The biggest unknown will be the timing in which we will be able to conduct seminars. The vast majority of rinks are currently closed, and many of them took this opportunity to remove ice to save operating costs and do maintenance. There is now doubt they will be prepared to quickly ramp up once they are allowed to do so, but as with most everything right now, the timing is uncertain. As a result, some of the earlier seminars may be pushed back a few weeks. The District Referees-in-Chief will secure ice times and facilities so we can provide seminar dates and locations as quickly as possible. We are also encouraging our instructors to think outside the box by providing some weeknight seminar options, and to look at other ways to best meet the needs of our members.
The Advanced Officiating Symposium, scheduled for Providence, R.I. in late July, is still going to plan. We will continue to monitor the situation, including local restrictions and travel advisories in the coming weeks, and we will announce any changes in advance to allow for alterations to travel arrangements. Click here for up-to-date information or to reserve your seat at the 2020 Advanced Officiating Symposium.
These are difficult times for everyone, and although our hockey family is important to us, it is a small fraction of the big picture that is impacting our daily lives. To quote Andy Dufresne in his letter for Red that he left under the big oak tree in The Shawshank Redemption: “Hope is a good thing, maybe the best of things, and no good thing ever dies.”
We hope you and your loved ones are safe and healthy. We hope the coronavirus is conquered with minimal loss of lives and a return to a prosperous normal as soon as possible. We hope your passion for the game of hockey will only grow as a result of its absence. We hope we are back on the ice in the coming months and that the 2020-21 season will be our best yet.
Thank you for your continued support of USA Hockey and don’t hesitate to contact us if there is anything we can do to make your hockey experience a better one. In the meantime, stay safe, stay healthy and be prepared to be back on the ice soon.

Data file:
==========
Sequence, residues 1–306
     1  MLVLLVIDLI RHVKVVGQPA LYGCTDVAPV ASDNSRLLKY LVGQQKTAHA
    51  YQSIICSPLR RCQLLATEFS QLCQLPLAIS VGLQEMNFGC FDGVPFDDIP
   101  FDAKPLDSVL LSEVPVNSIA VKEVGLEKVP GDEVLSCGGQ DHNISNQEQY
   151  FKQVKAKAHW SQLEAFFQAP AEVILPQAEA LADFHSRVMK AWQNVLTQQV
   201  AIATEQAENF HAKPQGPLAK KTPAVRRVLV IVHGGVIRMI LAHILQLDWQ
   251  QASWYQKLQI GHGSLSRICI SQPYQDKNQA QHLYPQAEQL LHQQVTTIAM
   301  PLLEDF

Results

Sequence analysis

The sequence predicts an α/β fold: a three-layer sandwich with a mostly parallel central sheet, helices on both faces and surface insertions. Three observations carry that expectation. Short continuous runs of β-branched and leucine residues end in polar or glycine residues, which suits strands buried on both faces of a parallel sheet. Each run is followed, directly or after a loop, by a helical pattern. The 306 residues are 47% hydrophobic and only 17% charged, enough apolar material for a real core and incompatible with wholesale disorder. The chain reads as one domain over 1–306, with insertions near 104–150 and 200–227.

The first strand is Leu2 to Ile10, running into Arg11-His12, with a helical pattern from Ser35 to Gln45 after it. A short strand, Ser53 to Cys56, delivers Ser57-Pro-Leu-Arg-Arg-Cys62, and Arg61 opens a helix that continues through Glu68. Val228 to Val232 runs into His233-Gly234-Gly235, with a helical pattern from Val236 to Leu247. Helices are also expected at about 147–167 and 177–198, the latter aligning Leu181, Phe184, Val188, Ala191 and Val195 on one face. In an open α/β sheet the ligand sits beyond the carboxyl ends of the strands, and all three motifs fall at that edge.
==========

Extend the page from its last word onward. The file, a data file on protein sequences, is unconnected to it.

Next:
In order to comply with new requirements from the United States Olympic & Paralympic Committee (USOPC), USA Hockey will be implementing a national level background screening program. This program will replace all USAH Affiliate coordinated background screen programs.
Why must officials be screened?
Per USA Hockey and USOPC policy, all coaches, officials, board members, employees, volunteers, billets and anyone else who will have regular contact with, or authority over, minor athletes are required to submit a background screen before any contact with minor athletes.
Who is required to be screened?
Officials who are 18 years-old (or older) prior to June 1 of the current year.
Any official, 18 years-old (or older) without a completed valid background screen (national or USAH Affiliate coordinated) after April 1, 2019.
All national background screens are valid for two seasons, and starting on June 1, 2020 a national background screen must be completed and in good standing before receiving an officiating card and crest.
What are the timelines for launching the national background screen program?
Beginning on April 1, 2020, background screening will be conducted by our national background screen vendor, National Center for Safety Initiatives (NCSI), and information on background screening will be included following your registration.
As of March 22, 2020, applicants will no longer be able to submit new USA Hockey background screens through USAH Affiliate vendors, and will not be able to submit new screens through NCSI until April 1, 2020.
If you were screened after April 1, 2019 for the 2019-20 season, your screen is valid for the 2020-21 season, and you will not need to be screened under the new system until prior to the 2021-22 season. If your most recent screen is from prior to April 1, 2019, you will need to be screened under the new system, after April 1, 2020, in order to participate in the upcoming season.
All new screens submitted through the new NCSI national screening program after April 1, 2020 will be valid for two seasons. For example, a screen submitted and approved on April 15, 2020 will be valid through the end of the 2021-22 season, which is August 31, 2022.
How can members complete their required background screen?
A link to submit for screening will be included in your membership registration confirmation email and posted in the drop-down menu under the OFFICIALS tab at USAHockey.com.
Background screens through NCSI under the national program will cost $30 for all domestic screens. For international screens (members who have lived outside of the U.S. for six consecutive months in any one county during the past 7 years) the flat rate fee is $150. If that country is solely Canada, the flat rate fee is $75.
Where can members go with questions about the national background screen program?
Please refer to the USA Hockey Background Screen webpage at USAHockey.com.